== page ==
Fishermen off Australia who accidentally caught a whopping basking shark have provided scientists with a rare opportunity to study the second-biggest fish on the planet.
The 6.3 metre (20 feet) fish is causing a sensation Down Under where little is known about the species — smaller only than the whale shark — as it is not often captured in southern hemisphere waters.
The rare specimen has been donated to Museum Victoria, in the southern city of Melbourne, where scientists plan to use the body to research the shark’s genetics, diet and life history.
The museum — which currently has only three samples from basking sharks, all over 80 years old — said Wednesday it also plans to use the head and fins to build a full-scale exhibition model.
“These rare encounters can provide many of the missing pieces of knowledge that help broader conservation and biological research,” said the museum’s senior curator of ichthyology, Martin Gomon.
Basking sharks are slow-moving plankton feeders which can grow up to 12 metres long. Unlike other sharks, their teeth are tiny — about two millimetres long — and they feed by trapping tiny plankton and jellyfish in their huge mouth, the museum said.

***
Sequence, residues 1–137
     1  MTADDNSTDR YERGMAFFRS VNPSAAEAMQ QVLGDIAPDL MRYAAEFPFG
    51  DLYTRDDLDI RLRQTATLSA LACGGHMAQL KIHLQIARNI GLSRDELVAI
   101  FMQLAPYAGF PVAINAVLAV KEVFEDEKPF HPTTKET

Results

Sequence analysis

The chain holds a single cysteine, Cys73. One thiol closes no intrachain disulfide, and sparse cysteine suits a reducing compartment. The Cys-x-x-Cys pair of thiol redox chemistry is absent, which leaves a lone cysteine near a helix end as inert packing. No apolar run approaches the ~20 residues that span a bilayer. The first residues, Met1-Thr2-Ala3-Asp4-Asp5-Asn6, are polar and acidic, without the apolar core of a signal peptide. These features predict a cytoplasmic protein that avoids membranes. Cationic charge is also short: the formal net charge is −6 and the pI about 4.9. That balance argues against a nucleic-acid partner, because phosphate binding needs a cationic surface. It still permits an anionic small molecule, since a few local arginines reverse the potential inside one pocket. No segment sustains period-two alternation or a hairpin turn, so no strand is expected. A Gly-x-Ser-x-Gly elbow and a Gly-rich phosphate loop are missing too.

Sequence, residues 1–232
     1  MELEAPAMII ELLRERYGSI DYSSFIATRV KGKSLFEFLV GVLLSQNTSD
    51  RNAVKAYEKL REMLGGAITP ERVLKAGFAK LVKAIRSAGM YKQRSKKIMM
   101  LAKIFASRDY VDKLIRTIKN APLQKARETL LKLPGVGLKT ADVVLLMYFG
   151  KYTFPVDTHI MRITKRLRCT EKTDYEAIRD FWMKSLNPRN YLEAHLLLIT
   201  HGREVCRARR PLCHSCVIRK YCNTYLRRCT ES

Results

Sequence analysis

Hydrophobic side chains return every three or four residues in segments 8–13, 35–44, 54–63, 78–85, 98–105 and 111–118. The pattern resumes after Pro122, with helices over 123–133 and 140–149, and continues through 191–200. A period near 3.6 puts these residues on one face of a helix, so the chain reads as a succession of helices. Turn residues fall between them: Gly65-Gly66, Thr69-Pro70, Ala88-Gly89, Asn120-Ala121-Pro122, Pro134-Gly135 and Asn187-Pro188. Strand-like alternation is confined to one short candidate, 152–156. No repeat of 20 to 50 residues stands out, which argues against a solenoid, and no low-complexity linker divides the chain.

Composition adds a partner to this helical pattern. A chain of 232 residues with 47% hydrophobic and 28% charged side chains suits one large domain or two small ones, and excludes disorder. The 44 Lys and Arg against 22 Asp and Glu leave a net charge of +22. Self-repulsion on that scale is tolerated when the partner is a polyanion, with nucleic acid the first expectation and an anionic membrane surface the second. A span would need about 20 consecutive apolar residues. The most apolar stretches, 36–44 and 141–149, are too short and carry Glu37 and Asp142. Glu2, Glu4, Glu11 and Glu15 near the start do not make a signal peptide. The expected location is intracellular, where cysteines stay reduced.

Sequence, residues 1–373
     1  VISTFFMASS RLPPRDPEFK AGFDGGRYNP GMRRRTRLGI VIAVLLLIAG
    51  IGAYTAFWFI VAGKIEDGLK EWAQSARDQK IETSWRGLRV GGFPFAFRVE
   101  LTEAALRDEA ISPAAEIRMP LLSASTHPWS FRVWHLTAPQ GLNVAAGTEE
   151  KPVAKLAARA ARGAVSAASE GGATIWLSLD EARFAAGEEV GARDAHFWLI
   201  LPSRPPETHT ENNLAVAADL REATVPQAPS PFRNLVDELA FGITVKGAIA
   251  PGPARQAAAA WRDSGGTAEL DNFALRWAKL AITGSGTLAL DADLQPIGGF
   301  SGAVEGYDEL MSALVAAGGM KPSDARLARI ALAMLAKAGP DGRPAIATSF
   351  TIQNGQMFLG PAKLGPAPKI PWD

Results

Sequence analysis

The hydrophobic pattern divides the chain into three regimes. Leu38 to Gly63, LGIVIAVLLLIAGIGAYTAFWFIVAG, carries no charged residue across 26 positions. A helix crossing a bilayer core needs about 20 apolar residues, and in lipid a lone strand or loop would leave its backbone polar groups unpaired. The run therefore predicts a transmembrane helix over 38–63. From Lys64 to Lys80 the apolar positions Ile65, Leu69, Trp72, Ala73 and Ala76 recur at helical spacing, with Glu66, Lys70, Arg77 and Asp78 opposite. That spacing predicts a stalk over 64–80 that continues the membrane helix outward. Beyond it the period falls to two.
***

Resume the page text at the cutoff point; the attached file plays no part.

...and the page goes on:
They are migratory and widely distributed, but only regularly seen in a few favoured coastal locations such as such as Cornwall in England as they can dive deep into the depths of the sea in search of food.
The shark was accidentally picked up by a fishing trawler in the Bass Strait off the Australian mainland’s southeast.
Museum Victoria’s senior collection manager of vertebrate zoology, Dianne Bray, said basking sharks had been sighted over the years off Australia’s Victoria state, but never in large numbers.
“They are rare in southern waters, but not that rare in northern waters,” she said. “We have no idea of what their numbers may be.”
Bray she had been inundated with requests for tissue and other samples from around the world as opportunities to study an entire animal were rare.